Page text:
So to my sons' future girlfriends and wives, know that I'm thinking of you and doing all I can on your behalf, at least as far as this is concerned.
Sunday, September 6, 2015
"Wasn't it amazing what he did?" she asked.
Since she has daughters in high school and I have a son, it became clear to me that my kid rarely shares anything that goes on at school while hers share everything. I told her I had no idea what she was talking about.
"He basically 'came out' to the student body and shared his story about growing up gay and how difficult it was for him. He had a conversation with the kids, talked about how he was bullied and went to school in fear, and then made it clear that this kind of behavior would absolutely not be tolerated in the school he was running."
"He came out? But I thought everyone already knew he was gay," I said.
"Yes, but he made it a point to say so himself and then open up a dialogue about respect with the students."
"That is completely awesome."
"And I think I know why he did it," she said.
I was pretty sure I knew why too. We turned to each other and said the girl's name. Then we nodded in agreement.
I'll call the girl Mary for the purposes of this post. Mary is a transgender student who was born a boy, who I'll call John. She's an awesome kid from a great family, and has known my son since they were both in second grade. They've remained friends through the years and often attended after-school events together. I was driving Mary home one day early last year and the kids were talking about relationships, boyfriends and girlfriends. Mary said she'd been in a relationship but was newly single.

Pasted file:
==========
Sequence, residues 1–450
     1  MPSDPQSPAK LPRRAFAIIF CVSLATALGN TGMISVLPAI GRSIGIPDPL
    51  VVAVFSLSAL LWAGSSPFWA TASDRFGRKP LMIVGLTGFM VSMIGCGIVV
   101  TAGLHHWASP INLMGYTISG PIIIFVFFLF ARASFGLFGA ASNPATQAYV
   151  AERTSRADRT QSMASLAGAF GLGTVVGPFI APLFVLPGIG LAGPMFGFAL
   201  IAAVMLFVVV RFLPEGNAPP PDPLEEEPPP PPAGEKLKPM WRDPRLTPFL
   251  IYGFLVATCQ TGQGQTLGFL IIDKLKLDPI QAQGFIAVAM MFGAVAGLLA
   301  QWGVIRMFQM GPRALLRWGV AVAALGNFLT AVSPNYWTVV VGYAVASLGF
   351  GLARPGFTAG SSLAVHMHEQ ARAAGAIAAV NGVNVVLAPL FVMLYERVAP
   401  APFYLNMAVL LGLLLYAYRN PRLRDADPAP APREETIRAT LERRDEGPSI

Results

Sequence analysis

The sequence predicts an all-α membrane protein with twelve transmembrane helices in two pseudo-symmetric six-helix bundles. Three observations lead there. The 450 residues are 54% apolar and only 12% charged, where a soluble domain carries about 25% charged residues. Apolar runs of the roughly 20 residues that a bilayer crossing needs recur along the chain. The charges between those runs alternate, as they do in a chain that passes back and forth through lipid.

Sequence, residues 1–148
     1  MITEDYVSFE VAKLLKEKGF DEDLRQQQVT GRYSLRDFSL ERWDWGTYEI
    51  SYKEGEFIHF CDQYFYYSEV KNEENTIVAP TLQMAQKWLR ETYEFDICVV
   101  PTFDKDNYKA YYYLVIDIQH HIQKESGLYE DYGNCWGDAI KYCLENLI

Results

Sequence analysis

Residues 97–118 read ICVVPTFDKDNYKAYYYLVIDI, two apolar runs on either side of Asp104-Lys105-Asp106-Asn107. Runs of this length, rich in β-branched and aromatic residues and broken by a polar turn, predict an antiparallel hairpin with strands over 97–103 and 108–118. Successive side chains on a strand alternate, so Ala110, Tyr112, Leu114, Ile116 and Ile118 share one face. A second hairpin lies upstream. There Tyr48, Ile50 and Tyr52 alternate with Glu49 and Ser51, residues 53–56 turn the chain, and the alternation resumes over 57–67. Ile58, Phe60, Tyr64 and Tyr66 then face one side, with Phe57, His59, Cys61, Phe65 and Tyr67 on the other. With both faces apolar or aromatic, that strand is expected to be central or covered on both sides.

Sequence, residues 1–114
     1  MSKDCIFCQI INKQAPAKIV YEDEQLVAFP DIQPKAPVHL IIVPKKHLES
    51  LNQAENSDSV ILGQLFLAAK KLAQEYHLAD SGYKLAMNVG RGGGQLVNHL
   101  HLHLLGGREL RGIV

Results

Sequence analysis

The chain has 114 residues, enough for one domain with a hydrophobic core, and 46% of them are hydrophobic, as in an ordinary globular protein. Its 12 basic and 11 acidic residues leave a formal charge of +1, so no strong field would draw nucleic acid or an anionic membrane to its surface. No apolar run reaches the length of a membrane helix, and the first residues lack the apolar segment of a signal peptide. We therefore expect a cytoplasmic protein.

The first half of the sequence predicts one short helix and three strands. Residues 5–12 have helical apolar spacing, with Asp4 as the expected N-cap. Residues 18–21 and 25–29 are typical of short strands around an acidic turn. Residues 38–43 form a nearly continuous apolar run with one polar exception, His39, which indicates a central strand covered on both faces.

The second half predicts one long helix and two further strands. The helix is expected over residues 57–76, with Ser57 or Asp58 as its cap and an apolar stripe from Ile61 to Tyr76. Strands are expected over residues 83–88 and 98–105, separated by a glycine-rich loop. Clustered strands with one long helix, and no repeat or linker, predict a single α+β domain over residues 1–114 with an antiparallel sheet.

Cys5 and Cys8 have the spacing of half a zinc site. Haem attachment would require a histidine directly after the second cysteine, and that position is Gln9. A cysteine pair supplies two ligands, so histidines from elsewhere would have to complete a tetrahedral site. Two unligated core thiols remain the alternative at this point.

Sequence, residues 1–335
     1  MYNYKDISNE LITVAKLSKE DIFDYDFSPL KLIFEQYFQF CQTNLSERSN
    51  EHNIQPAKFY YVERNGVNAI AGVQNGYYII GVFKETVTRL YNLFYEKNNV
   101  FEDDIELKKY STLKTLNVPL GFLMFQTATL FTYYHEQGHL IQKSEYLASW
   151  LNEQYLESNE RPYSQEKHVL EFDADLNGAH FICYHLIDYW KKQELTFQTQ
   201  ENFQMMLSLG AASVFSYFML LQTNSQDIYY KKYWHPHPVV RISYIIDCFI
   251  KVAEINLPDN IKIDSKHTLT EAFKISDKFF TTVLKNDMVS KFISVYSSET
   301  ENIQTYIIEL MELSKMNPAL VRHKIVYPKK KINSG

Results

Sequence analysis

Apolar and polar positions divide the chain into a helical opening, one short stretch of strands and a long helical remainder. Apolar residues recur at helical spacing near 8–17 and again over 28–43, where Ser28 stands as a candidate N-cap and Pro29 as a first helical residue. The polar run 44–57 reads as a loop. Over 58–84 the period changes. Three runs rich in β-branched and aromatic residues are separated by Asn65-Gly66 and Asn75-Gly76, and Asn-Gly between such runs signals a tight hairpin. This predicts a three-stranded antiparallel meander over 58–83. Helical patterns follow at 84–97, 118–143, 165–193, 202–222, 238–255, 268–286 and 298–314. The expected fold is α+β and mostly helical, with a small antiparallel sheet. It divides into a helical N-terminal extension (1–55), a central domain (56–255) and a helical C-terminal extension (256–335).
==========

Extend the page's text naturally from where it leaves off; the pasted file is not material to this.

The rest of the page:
"Oh, I'm sorry. That's never fun," I said to her (this was when she was still John).
"It's OK. He wasn't very nice anyway," he replied.
"By the way, Mom, John's gay," my son said from the backseat.
"Well," I paused, trying to think of what relevance this had on the conversation, "that doesn't make it hurt any less," I offered.
There were parties and gatherings throughout the rest of the year that my son was invited to and Mary (as John) was often there. Toward the end of the year though, my son told me John was now Mary. She was a she and I should refer to her as such, and by her new name.
"Okeedoke," I said. And so I did.
This was not really surprising to me, but I was very happy that Mary was comfortable enough with her friends, herself and especially with me to be sharing the information so openly.
The news of what the principal did made me proud. Both that Mary is cared about enough in her school community to be protected from any potential ill-will, and that this message is being sent both to the student body and the families in town.
I was surprised, though, that my son hadn't mentioned the principal's speech to me. Even if he doesn't want to share the details of his school and social life with me, this felt like kind of a big deal.
"Jacob, did you go to the back-to-school assembly?"
"How was it?"
"Fine. The same as every year."
"Oh. So the principal has this conversation about being gay and telling students to be tolerant every year?"
"No, that was new."
"Well, Ms. Smith and I think it was great, and that he probably did it because of Mary. Why didn't you tell me about it?"
"I don't know," he shrugged. "It didn't seem like that big a deal."
Mary's identity change is old news to my son. She's still the same friend whose company he's enjoyed for almost ten years. The principal is the same principal my son's had for the past two years. And respect and tolerance is something he's been taught since he was a toddler.
When I read the news, I worry over the future of the world and how the younger generation will handle the weight of all that's wrong in it today. To my son, these events at school are no big deal. That, to me, means everything. Most importantly, it gives me hope.